Imagine that you hired a contractor to perform targeted renovations on your Georgetown, DC home – maybe a new slab in the crawl space, retiling of the mud room, or a new garage door. Now imagine that the contractor failed to perform what he was supposed to do. He used low quality concrete, unevenly installed the tiles, or installed the garage door so that it creaks and squeaks. Or perhaps he simply did a no-show, never finishing your project. If your losses add up to only a few hundred dollars, you might need to “write off” the loss as a lesson learned. But if we're talking a few thousand dollars, taking further action -- including legal action -- may be worth your while.
Small claims courts are generally a good mechanism for dealing with these mid-range disputes. Such courts allow litigants like you to pursue legal claims against businesses or individuals without needing to hire an attorney. Suing in small claims court is also typically faster than litigation in the state’s regular court of general jurisdiction. How should you pursue such claims against your contractor in small claims court in the District of Columbia?
In a dispute with your contractor, running to court is not -- as even most lawyers will agree -- always the best first step. Your better bet is likely to start by talking to your contractor about what's going – the inferior quality of the materials, or the shoddy or unfinished work. After reminding your contractor what was promised (and pointing out the relevant portions of the written contract, if you have one), ask him to explain his take on the situation. Is the job more expensive or complicated than anticipated? Does the contractor need more time (and if so, exactly how much)? Is there an issue that the two of you can work out and perhaps compromise on?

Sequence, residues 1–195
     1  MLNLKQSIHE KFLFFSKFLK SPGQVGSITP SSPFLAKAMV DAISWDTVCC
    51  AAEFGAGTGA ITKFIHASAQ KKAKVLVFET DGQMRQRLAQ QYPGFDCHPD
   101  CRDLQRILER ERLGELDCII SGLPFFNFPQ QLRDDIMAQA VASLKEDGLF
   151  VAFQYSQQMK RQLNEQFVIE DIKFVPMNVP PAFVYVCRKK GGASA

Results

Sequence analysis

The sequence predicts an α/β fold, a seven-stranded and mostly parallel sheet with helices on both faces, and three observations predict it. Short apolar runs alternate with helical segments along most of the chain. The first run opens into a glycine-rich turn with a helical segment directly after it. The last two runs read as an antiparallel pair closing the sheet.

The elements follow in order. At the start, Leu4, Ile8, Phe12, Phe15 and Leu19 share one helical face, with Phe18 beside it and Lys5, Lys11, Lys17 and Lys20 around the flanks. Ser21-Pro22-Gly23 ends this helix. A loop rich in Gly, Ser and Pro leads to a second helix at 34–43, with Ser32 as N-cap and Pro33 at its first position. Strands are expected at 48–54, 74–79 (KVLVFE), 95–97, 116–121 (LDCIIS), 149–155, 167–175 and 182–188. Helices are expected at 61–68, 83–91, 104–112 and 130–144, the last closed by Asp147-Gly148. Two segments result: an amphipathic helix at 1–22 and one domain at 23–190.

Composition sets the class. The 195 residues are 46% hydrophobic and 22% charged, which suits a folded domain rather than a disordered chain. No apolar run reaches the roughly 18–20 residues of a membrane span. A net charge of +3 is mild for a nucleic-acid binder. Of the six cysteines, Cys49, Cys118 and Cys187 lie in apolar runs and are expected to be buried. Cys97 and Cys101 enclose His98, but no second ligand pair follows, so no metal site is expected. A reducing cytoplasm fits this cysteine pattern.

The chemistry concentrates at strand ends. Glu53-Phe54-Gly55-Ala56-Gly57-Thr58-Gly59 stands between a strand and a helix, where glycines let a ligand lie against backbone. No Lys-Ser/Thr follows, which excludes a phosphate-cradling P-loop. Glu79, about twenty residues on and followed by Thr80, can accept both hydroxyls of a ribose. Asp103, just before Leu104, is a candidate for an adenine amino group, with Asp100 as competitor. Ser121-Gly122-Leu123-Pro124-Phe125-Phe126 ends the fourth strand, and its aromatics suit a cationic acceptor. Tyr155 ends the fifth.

If this softer strategy doesn't get you satisfactory results, put your concerns in writing. Your letter to the contractor should explain what was promised (again with reference to any written contract). Such a letter carries more weight than a mere phone call or in-person complaint -- especially if you add a sentence at the end stating that you reserve all your legal rights and remedies.
What's more, sending such a letter is a wise strategic move if you might eventually go to court. It will serve as evidence that you did your best to avoid taking the dispute to court. Sometimes called a “good faith letter,” it demonstrates to an overworked small claims judge that you made reasonable efforts matters amicably before burdening the justice system. It thus helps make you look like the “good guy.” You wouldn’t, after all, want the contractor to be able to tell the judge that your lawsuit was the first time he'd that there was a problem with the work; judges generally prefer litigation to be a last resort.
While many – maybe most – disputes with contractors can be solved through negotiation, yours may not work out this way. You may find you have little option but to file a lawsuit. People can represent themselves in DC’s small claims courts (officially called the Small Claims and Conciliation Branch) without hiring a lawyer; there are also no juries. Instead, small claims court judges resolve lawsuits for money damages not exceeding $5,000. Below, let's review a few important things to keep in mind when you begin your lawsuit.
One of the most significant limitations on small claims court -- in Washington, DC and elsewhere -- is that your claims cannot exceed $5,000. The primary relief requested must be monetary – that is, you must be seeking money, rather than some other form of relief, like a court order mandating that your contractor replace the shoddy materials or do further work on your home.
DC also has statutes of limitations on how long someone can wait before filing suit. The two most common causes of action against contractors are breach of contract (three-year limit under D.C. Code § 12-301(7)) and property damage (also a three-year limit under D.C. Code § 12-301(4)). Before filing, make sure that the contractor’s error or breach occurred within that period.